Diane Rouviere, left, knew she needed more help for her 80-year-old mother, Myriam Carrillo, and she found it through Council on Aging in Union County’s group respite program.
By Nancy Stephen
For Diane Rouviere, the Council on Aging in Union County’s respite program is a godsend.
The Union County resident has seen her 80-year-old mother, Myriam Carrillo, become weakened by falls, aging and the onset of dementia; she needed more attention.
Diane says she stumbled onto Next Door Group Respite while searching for support for her mother. “It was a miracle. It was one of those moments — this is it. I visited there and talked to the staff, and they talked to my mother. It’s a beautiful thing.”
Next Door is a weekday program for county residents with memory loss. Andrew Friend, executive director of the Council on Aging, is proud of the program that offers an alternative to 24-hour interaction with only family caregivers. “Our high staff to participant ratio lets us create a person-centered approach. We find out what is important to our participants and accommodate that, if possible.”
Topping out at 10 attendees a day, Next Door allows participants to engage in meaningful social and recreational activities which helps maximize their cognitive and social abilities. “At the same time,” Friend says, “our day program provides relief and support to family caregivers.
“Our program helps families keep their loved ones living at home while it also gives caregivers much-needed time for other tasks as well as self-care. Taking care of an older or ill family member can be enormously rewarding, but it can be physically and emotionally draining as well,” Friend says. “Without self-care, caregivers can experience burnout quickly.”
Rouviere agrees. “It has been a relief for us. My mother feels so comfortable there. And I feel comfortable with her in the program.”
The daughter has been impressed with “how inclusive the program is.” Her mother, a resident of Colombia until she moved in with her daughter in 2012, speaks Spanish, but the language difference hasn’t been a barrier. “They use Google Translate sometimes,” she says of the staff, adding that her mother has picked up a few words of English, too.
Watching her mother age has been difficult for Rouviere, who was accustomed to seeing her healthy and independent. Within two months last fall, her mother fell twice, experiencing multiple broken bones. After the falls, the family saw continued physical changes and cognitive impairment as well as the diagnoses of Parkinson’s Disease and dementia. “She relies on me more.”
Rouviere says the other Next Door participants also have memory problems, but that doesn’t mean the atmosphere is somber. “The ladies are cheery and happy — each one of them. My mother feels so much love there. And I feel so much love.
“I am so grateful for this group. They make her feel important, give her some dignity in this difficult time.”
Rouviere says her mother is aware of her health changes but isn’t morose. “Every morning, she says, ‘Thank you, God, because I’m alive today, even with my pains’.”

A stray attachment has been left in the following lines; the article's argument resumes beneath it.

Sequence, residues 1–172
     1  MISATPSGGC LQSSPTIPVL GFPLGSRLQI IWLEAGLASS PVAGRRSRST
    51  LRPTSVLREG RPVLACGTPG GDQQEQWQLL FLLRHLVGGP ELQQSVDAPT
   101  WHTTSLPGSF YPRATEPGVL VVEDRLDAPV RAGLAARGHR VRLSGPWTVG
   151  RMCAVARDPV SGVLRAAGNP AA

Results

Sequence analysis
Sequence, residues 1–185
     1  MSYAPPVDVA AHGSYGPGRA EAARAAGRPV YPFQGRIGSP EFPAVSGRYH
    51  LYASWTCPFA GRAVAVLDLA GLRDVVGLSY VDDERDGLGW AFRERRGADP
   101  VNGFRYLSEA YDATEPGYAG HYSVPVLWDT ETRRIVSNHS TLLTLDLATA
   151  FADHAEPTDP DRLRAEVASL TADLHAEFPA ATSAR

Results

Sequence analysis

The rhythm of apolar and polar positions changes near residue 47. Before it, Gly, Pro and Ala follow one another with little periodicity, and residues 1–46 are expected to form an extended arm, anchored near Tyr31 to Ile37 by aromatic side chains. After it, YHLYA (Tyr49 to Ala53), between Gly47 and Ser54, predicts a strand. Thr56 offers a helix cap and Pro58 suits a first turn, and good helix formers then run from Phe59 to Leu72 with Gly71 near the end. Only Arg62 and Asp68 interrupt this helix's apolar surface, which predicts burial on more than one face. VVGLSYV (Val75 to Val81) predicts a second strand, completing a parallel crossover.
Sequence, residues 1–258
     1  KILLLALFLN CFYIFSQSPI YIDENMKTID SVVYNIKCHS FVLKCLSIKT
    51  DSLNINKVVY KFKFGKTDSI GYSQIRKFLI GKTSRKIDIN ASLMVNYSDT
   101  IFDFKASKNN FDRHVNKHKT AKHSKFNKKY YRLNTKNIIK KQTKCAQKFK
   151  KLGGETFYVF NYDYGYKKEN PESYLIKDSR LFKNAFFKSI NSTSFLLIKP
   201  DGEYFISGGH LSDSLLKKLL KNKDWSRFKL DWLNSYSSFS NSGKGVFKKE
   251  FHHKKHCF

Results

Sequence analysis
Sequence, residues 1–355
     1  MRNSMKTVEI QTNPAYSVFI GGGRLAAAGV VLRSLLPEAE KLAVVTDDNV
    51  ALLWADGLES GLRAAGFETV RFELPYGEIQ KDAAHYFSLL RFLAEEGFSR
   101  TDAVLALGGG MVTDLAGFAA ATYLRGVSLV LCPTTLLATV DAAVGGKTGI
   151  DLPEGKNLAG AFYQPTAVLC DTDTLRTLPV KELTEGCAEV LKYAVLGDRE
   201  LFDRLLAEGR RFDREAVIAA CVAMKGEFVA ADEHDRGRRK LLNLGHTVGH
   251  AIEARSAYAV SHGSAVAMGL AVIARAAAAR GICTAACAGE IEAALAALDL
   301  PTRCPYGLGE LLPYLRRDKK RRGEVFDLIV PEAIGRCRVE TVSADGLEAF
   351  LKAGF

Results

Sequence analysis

Ongoing pain resulting from her falls prompts Myriam to visit one doctor or another regularly. Her daughter takes her to physical therapy twice a week, but also to her primary care doctor and multiple specialists.
“This program really helps me out,” Rouviere says. The staff and volunteers “are professional. And they’re giving from the heart point of view. It’s God’s calling.”
After a day at Next Door, her mother often tells what she did during the day. “Sometimes she forgets the meals, but she shares how she feels. She wants to be there every day. She feels a lot of love there.”
Staff and other participants “make her feel so welcome. She’s welcomed to sing or say a poem. In spite of the language, the ladies made her feel very welcome.”
The five-hour daily program is well-rounded, providing age and ability-related activities, socialization and companionship. You might see a participant chopping food for lunch or helping to prepare a snack. Or dancing with each other or staff or performing chair exercises. They might be doing arts and crafts or planting flowers. The list of activities each week is expansive.
The facility itself is cozy and comfortable, making attending the program like visiting in a friend’s home, complete with kitchen and living room, plus outdoor gazebo and secure yard.
Interaction with others her age has been valuable to Myriam. “She was kind of alone here,” says Rouviere. “It’s a good opportunity for her to get socialized.”
Before finding the Next Door program, Diane says “I had been crying; I was overwhelmed. It’s like a rollercoaster.” But through connecting with other Council services, she has learned how to better care for her mother and herself. She received Parkinson’s and memory-related books, “which have given me the chance to learn. I’m learning to practice self-care and how I can help my mother.”
Diane says that instead of only being sad, she has become “grateful for having my mother every day. I’m helping her like she helped me as a child.”
Ultimately, Next Door and the Council on Aging “make me a better caregiver,” she says. “It’s helping me to have her here at home. It helps me and it helps my mother.
“Sometimes you’re not prepared to help with your aging parents,” Diane says. “I’m learning along the journey. It’s part of life. I am preparing for giving her the best life in her ending years.”
If you are interested in the Next Door Group program or other Council on Aging programming, call (704) 292-1797 for more information.
For more information on Next Door Respite or other Council on Aging services, visit www.COAunion.org, on Facebook or Instagram and by calling (704) 292-1797.